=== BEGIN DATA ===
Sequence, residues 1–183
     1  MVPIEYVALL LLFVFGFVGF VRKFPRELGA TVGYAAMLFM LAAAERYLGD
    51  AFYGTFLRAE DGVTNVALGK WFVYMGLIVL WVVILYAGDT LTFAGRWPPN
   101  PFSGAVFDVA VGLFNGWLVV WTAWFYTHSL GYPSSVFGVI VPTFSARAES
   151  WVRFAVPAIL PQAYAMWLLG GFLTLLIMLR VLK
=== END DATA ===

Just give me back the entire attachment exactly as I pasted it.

Sequence, residues 1–183
     1  MVPIEYVALL LLFVFGFVGF VRKFPRELGA TVGYAAMLFM LAAAERYLGD
    51  AFYGTFLRAE DGVTNVALGK WFVYMGLIVL WVVILYAGDT LTFAGRWPPN
   101  PFSGAVFDVA VGLFNGWLVV WTAWFYTHSL GYPSSVFGVI VPTFSARAES
   151  WVRFAVPAIL PQAYAMWLLG GFLTLLIMLR VLK